This fuckery put us behind two weeks because I had to go about organizing an election and urging my peers to nominate/self-nominate.  In the end, the consensus was that I should have the job because I was the only one who showed interest.  So there I was, representative-acclaimed, still at square one with 14 days less to work with in the semester.
   This taught me that perceived legitimacy imparts great power to a group.  It may not seem that profound, but keep this in mind next time you read the newspaper.  There are sound-bites and quotations aplenty in any news publication from individuals representing one interest trying to discredit, decry and deligitimize representatives from other interests, or other interests as a whole.
   A recent news item which conceived the kernel which became the idea which became this post is Public Safety Minister, Vic Toews’ condemnation of the hackers from Anonymous making public all of his personal information in response to his proposed internet-privacy infringing legislation, Bill C-130.  Of the hackers from Anonymous, Toews said:
   “These are individuals, as far as I can understand it, who can choose to belong to Anonymous whether other members of Anonymous want them to be there or not…So in many respects, these are individuals acting on their own.”  –24H 28 March 2012

Do you see what he did there?  He called into question the membership status of individuals belonging to a group with no membership requirements, save for self-identification as a member.

But in the bullshit department … a businessman can’t hold a candle to VIC TOEWS.  Cause I gotta tell ya the truth folks … when it comes to bullshit, big-time, major-league bullshit, you have to stand in awe … in awe … of the all-time champion of false promises and exaggerated claims, VIC TOEWS”

   Ironically, he gives an amorphous and loosely-associated group like Anonymous a certain credibility by virtue of tangibility: By recognizing that there might be some kind of membership process by which the hackers interfering with his privacy have not yet gone through, he is imparting recognition to the group.  Still, this inadvertent nod to the group should not detract from his aim, which was to attack the credibility of the group’s individual members.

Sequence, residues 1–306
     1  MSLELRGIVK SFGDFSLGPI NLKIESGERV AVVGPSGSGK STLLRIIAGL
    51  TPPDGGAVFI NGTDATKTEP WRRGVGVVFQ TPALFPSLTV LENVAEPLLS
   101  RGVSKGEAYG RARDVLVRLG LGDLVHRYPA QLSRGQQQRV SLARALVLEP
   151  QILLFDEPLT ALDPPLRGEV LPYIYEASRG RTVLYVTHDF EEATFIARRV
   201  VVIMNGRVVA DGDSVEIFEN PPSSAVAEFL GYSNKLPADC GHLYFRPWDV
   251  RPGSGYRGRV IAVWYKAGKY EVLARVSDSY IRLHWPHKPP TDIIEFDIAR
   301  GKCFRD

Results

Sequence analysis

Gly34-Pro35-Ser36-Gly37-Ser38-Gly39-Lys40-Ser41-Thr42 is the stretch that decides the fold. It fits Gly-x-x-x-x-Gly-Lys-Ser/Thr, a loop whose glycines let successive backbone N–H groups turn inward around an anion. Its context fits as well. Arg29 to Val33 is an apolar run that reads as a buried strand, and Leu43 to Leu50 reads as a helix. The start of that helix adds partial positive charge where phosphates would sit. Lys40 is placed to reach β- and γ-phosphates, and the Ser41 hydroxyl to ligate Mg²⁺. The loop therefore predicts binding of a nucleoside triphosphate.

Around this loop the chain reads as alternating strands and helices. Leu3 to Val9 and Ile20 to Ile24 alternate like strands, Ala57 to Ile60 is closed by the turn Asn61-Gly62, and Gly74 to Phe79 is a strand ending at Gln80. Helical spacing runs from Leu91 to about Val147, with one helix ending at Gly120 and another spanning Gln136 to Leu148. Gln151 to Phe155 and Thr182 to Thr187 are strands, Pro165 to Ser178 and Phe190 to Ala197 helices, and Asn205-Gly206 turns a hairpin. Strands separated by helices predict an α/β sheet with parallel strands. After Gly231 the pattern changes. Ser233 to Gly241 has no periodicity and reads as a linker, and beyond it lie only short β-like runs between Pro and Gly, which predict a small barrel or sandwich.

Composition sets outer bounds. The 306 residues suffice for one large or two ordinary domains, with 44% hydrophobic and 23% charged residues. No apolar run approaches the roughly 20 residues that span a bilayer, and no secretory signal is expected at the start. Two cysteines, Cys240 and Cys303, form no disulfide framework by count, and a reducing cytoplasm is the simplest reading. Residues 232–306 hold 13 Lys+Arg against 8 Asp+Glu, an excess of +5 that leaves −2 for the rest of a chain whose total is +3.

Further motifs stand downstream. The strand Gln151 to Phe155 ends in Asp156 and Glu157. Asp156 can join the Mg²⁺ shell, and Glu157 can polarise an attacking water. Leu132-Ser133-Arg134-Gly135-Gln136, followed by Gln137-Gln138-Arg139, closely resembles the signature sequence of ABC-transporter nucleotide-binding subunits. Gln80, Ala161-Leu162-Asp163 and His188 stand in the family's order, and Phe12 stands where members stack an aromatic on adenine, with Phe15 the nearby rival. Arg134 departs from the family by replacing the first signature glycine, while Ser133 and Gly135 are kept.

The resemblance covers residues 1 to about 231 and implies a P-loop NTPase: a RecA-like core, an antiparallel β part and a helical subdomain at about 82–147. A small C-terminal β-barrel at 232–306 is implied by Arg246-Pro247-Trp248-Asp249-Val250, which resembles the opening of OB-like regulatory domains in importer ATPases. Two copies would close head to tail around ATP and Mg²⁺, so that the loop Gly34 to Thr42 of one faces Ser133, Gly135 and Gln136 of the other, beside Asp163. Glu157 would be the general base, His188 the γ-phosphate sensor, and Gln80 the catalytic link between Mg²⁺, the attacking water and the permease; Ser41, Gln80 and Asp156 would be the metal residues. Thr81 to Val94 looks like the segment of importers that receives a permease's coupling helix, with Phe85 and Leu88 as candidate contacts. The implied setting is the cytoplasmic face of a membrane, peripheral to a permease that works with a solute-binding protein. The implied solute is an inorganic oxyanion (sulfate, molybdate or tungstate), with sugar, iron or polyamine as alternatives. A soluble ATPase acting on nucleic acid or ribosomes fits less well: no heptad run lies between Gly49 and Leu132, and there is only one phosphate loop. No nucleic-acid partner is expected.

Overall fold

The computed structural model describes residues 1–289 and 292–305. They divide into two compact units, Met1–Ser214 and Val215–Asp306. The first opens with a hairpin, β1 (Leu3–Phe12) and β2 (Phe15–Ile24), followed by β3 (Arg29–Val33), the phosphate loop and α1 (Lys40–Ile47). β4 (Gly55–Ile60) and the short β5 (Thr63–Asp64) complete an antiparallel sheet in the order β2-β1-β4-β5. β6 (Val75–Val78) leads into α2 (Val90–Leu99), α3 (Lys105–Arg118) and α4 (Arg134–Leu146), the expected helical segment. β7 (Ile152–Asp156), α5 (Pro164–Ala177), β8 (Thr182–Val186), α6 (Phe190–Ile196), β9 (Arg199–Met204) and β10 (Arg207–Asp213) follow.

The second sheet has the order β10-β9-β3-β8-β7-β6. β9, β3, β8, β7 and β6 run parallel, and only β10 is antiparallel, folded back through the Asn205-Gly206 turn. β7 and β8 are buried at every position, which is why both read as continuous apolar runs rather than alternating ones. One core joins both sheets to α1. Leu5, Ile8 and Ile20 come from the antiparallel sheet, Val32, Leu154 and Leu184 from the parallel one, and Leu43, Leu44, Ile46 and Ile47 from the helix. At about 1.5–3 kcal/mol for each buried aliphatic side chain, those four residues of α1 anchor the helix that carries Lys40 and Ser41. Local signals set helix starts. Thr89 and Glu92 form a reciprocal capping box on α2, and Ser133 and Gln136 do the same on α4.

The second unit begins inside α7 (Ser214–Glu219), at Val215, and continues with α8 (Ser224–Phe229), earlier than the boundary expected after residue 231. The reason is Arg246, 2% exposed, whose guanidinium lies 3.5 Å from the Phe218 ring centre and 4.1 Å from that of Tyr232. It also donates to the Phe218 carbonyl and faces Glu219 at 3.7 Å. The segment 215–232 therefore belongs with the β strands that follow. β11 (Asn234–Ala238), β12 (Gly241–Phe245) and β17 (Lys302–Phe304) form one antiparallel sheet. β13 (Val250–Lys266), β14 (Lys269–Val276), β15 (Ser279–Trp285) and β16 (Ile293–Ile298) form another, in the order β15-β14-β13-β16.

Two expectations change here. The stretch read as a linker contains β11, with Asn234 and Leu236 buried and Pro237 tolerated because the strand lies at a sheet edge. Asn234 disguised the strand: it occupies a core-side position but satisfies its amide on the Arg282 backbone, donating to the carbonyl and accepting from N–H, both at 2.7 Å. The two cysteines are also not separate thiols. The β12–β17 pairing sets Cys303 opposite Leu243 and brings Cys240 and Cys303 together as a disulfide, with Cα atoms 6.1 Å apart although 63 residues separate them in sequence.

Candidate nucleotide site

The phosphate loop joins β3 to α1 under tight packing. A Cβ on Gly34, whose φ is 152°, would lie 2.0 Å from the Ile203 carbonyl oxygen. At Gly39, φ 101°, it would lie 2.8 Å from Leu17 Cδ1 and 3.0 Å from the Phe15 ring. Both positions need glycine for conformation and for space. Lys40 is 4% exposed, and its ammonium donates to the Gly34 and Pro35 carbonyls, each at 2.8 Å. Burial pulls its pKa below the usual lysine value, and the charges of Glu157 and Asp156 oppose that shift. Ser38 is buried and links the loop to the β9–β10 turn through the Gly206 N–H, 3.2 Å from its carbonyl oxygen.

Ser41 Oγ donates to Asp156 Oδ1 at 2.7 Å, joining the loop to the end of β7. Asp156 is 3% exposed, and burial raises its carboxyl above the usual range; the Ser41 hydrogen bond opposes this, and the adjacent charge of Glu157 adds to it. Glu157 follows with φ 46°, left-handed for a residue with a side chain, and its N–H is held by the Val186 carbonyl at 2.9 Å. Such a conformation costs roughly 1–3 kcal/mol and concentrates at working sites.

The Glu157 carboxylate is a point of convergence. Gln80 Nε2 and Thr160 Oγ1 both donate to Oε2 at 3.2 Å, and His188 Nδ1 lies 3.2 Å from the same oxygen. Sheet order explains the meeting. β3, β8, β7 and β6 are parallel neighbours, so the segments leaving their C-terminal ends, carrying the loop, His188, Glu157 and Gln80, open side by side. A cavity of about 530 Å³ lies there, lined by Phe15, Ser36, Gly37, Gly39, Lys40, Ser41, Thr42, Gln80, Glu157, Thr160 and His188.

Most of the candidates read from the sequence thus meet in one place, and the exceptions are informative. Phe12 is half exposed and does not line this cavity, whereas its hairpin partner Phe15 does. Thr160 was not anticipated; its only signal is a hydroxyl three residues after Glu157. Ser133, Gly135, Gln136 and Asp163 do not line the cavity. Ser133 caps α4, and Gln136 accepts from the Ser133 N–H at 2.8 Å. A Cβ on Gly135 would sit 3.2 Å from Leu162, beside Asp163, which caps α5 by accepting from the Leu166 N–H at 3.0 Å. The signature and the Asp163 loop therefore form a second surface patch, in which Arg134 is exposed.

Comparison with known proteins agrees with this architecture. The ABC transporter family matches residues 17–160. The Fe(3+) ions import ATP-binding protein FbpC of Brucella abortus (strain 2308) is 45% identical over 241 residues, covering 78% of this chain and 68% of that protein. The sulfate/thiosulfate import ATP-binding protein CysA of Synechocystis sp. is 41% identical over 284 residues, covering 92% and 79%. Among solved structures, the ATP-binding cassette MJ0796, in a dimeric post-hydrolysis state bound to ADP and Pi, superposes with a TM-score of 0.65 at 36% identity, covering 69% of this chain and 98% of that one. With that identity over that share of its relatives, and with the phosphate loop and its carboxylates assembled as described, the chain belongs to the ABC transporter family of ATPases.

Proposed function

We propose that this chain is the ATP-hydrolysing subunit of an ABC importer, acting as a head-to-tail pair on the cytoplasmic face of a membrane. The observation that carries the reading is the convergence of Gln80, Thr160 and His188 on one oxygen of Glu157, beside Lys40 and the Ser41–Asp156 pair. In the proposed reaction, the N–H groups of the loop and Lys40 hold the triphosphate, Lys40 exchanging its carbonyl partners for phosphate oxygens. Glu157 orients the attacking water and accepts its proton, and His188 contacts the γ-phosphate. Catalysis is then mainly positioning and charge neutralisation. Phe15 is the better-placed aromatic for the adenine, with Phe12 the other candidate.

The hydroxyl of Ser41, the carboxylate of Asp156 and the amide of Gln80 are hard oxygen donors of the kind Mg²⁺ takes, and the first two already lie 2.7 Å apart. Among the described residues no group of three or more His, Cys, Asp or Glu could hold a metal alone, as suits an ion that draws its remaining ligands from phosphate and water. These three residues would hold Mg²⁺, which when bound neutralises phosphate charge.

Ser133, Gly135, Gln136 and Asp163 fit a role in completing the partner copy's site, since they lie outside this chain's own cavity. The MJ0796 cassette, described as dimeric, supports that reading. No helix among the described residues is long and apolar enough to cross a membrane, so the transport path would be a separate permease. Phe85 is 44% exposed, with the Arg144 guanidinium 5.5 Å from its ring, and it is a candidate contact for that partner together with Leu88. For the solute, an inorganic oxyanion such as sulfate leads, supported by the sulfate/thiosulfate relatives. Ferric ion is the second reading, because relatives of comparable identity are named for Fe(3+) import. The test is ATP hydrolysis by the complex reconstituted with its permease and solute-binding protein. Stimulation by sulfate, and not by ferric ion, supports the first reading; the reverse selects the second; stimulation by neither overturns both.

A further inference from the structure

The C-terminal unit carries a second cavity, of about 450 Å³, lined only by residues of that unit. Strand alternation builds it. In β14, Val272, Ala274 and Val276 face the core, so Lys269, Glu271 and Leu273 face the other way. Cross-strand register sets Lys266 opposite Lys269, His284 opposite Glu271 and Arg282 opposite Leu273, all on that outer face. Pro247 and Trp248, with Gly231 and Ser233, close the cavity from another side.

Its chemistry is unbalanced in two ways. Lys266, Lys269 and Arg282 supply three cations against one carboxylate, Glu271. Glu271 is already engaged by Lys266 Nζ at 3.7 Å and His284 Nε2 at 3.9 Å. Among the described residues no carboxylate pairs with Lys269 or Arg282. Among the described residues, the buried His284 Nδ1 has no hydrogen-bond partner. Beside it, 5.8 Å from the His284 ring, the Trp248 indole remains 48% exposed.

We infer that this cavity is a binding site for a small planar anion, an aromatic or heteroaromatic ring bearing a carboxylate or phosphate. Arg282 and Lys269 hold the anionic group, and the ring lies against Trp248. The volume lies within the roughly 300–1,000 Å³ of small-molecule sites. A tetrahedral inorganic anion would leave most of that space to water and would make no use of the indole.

Another example of this kind of marginalization would be when the British government withdrew Special Category Status from IRA prisoners in the 1970s and mandated that they would have to wear normal prison uniforms instead of their IRA uniforms.  The Brits were looking to take them down a peg from “political prisoner” to “ordinary criminal,” which is basically like spitting on them and their cause.  Obviously, the IRA prisoners didn’t stand for it, but that’s a different story.
   While this calling into question of membership status and group structure is an effective means of delegitimizing an opponent, I feel the most oft-used (and often readily believed) method is to remove a group’s ownership of a cause, or simply to blame foreign interlopers.  Let’s go back to the early 1960s when the Portuguese were fighting to maintain control of their African colonies, primarily Angola.  The Salazar government maintained throughout the conflict that the Angolans were happy as Portuguese subjects and that the war was being waged by Soviet proxies trying to destabilize the balance of power in Africa.  I have a great-uncle who was on the Portuguese side in that war and when we have talked about it, he still insists that the Angolans loved the Portuguese presence and that the enemies they were fighting came from abroad.  If that was actually so, then whence cometh war?
   Even a superpower like the USSR would have had marked difficulties discreetly waging a proxy war against the Portuguese in Angola if both the Portuguese colonists AND the Angolan natives didn’t want them there.  If the Angolans were really on the same side as the Portuguese then they would have done a better job of reporting these interlopers who would materialize in and out of the civilian population much like the Taliban materializes in and out of groups of our Afghan “friends” today.
   However, saying that the war/cause is being waged by foreign belligerents is an expedient way to cast doubt on just how disaffected one’s own people are.
   Which brings me to the G20 conference in Toronto during June 2010.  I have had conversations with cop friends of mine who were doing security at the summit about the morality of preventing Canadian citizens from  marching into the streets.  One of the worst justifications I have heard for violent suppression of these protests is that the so-called “Black Bloc” were all foreigners and professional agitators who riot for pay.